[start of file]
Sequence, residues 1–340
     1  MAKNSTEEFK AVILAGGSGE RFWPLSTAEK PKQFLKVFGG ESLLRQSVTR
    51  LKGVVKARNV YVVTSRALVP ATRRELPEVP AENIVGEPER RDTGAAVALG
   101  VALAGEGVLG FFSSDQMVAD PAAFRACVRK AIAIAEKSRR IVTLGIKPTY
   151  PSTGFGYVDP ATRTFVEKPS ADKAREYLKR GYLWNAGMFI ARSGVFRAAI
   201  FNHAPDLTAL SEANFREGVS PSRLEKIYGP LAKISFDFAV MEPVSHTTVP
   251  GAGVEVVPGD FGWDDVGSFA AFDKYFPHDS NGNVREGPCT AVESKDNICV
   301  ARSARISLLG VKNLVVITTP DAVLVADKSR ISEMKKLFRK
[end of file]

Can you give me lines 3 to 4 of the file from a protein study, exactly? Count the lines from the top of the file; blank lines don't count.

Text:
    51  LKGVVKARNV YVVTSRALVP ATRRELPEVP AENIVGEPER RDTGAAVALG
   101  VALAGEGVLG FFSSDQMVAD PAAFRACVRK AIAIAEKSRR IVTLGIKPTY